#Office365Challenge In todays post we’ll be looking at creating groups in SharePoint for permissions.
|Day:||216 of 365, 149 left|
|Description:||SharePoint Groups for Permissions|
Related Posts / Resources:
First things first. Be VERY careful when changing permissions when it comes to groups. I cannot tell you how many times I’ve seen users click on a group which has permissions to a specific app – then remove the people in the group, only to break everything else across the site that uses that same group.
As explained before, you can add a single person to a page, item, app or site. Best practice would be to rather add a group which has members in it. This makes it ‘reusable’ as you can use this group again on other apps etc.
Example: You have created a new flight booking solution. Instead of adding the 12 HR Administrators directly on the app for permissions, rather create a permissions group called HR Administrators and add the users in the group, then add the group to the app for permissions.
To view the groups on a SharePoint site, or make additions / modifications, go to the Site Settings > People and Groups:
Click on More to show all the groups:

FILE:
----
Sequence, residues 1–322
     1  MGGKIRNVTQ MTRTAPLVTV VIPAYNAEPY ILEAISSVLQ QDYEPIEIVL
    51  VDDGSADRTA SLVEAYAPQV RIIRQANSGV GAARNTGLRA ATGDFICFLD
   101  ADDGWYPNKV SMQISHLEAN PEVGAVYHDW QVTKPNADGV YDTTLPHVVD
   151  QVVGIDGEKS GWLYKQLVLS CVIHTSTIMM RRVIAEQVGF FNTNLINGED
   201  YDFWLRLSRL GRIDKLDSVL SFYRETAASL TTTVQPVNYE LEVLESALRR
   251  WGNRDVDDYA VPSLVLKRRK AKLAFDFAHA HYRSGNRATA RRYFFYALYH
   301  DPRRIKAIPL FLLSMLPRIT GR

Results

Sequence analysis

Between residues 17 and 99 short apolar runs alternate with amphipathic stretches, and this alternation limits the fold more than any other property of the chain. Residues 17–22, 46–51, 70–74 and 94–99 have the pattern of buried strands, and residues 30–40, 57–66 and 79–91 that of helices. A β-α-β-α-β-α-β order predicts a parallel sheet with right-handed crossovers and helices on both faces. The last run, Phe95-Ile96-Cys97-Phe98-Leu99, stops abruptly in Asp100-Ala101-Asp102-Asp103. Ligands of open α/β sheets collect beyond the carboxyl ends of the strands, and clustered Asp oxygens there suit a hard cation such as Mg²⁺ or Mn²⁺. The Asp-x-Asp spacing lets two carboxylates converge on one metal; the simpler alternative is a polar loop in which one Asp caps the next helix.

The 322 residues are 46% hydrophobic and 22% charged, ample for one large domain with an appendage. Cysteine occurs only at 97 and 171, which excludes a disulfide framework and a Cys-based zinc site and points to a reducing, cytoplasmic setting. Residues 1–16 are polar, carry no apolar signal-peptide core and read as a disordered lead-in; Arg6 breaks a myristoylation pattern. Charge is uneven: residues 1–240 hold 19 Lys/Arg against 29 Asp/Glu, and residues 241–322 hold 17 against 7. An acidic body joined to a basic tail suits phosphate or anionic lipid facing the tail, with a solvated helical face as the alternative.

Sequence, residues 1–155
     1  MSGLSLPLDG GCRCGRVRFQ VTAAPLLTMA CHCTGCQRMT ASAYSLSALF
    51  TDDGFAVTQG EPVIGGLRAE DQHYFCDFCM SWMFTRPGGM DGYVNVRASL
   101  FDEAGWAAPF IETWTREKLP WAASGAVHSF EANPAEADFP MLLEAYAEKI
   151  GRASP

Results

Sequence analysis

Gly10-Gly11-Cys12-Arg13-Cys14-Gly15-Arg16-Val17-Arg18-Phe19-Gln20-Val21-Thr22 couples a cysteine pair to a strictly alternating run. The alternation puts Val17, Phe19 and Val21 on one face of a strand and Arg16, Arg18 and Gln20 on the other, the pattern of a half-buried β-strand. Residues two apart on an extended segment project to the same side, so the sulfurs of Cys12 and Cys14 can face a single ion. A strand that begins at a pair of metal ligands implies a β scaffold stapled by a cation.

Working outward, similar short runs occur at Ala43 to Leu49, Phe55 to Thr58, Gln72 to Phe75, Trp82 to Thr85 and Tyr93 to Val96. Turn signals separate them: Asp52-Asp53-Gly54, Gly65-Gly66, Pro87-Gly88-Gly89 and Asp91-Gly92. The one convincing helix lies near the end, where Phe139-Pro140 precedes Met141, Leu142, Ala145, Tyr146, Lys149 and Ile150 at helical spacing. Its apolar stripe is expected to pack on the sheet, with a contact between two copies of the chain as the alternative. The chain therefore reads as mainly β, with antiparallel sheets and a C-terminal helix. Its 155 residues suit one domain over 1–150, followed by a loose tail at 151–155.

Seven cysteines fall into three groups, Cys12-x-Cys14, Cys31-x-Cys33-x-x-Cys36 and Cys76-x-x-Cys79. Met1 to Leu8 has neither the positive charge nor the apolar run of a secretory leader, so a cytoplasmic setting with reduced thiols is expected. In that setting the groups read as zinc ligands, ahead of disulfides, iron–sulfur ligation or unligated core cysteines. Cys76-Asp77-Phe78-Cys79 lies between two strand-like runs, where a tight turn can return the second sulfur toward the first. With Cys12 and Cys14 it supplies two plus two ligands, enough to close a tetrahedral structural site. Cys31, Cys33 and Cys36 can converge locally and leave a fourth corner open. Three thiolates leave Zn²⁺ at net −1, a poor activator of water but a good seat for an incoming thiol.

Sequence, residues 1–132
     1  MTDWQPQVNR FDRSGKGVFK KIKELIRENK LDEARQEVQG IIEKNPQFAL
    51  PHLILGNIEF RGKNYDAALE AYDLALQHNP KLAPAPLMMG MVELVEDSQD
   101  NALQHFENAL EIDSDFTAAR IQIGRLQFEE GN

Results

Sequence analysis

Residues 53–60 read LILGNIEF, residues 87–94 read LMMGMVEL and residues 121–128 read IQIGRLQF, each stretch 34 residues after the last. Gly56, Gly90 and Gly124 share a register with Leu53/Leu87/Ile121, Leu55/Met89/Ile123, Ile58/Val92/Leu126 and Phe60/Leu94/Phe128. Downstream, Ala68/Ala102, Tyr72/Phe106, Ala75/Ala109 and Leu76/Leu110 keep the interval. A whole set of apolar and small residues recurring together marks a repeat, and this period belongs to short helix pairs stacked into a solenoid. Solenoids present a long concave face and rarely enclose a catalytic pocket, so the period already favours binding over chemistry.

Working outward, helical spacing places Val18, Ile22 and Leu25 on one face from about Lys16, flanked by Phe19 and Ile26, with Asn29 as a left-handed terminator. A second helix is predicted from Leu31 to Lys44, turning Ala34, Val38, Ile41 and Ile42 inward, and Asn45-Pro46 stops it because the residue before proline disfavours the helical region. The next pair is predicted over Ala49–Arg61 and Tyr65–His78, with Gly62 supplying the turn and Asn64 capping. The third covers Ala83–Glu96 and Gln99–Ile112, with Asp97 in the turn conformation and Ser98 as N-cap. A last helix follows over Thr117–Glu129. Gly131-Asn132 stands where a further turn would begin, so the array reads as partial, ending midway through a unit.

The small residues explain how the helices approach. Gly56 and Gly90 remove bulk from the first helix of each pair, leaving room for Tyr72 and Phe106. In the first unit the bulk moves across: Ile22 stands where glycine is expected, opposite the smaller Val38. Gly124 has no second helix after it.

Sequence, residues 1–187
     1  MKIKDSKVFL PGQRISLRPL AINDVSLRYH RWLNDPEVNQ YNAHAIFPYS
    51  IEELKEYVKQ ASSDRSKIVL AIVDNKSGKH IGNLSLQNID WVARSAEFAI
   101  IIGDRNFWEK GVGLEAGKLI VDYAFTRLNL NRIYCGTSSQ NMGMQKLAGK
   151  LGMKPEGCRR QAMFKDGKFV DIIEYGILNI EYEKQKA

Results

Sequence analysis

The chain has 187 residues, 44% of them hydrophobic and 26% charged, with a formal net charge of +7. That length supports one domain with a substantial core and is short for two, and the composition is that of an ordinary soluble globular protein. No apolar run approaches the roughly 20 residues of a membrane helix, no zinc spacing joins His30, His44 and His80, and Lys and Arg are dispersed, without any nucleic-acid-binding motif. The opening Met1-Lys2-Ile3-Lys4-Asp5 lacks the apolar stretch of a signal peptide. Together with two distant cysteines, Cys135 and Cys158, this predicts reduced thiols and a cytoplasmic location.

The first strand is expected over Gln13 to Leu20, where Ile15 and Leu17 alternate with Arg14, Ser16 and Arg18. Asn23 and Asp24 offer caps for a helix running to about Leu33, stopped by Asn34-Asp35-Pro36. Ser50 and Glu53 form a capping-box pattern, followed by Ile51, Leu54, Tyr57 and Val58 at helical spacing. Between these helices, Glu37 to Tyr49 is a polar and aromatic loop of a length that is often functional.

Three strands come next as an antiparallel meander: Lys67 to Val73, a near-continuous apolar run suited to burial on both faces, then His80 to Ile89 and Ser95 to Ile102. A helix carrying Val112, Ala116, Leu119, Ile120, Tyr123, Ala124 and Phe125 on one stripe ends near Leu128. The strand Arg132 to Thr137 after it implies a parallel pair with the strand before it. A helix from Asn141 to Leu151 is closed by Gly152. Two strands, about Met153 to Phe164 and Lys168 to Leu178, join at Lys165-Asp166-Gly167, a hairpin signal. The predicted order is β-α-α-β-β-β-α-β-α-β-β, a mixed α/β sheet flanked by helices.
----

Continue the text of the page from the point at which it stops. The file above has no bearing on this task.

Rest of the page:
In the view that lists all the groups (after you clicked More on the left), you can also add new groups.
Note: On Office 365 where no Active Directory is provisioned (using Azure AD), the users are actually picked from the licensed users on the tenant. Where Active Directory is used, you are also able to pick security groups from AD.
Tomorrow we’ll take a look at unique permissions on sites and apps.
Overview of my challenge: As an absolute lover of all things Microsoft, I’ve decided to undertake the challenge, of writing a blog every single day, for the next 365 days. Crazy, I know. And I’ll try my best, but if I cannot find something good to say about Office 365 and the Tools it includes for 365 days, I’m changing my profession. So let’s write this epic tale of “Around the Office in 365 Days”. My ode to Microsoft Office 365.
Keep in mind that these tips and tricks do not only apply to Office 365 – but where applicable, to the overall Microsoft Office Suite and SharePoint.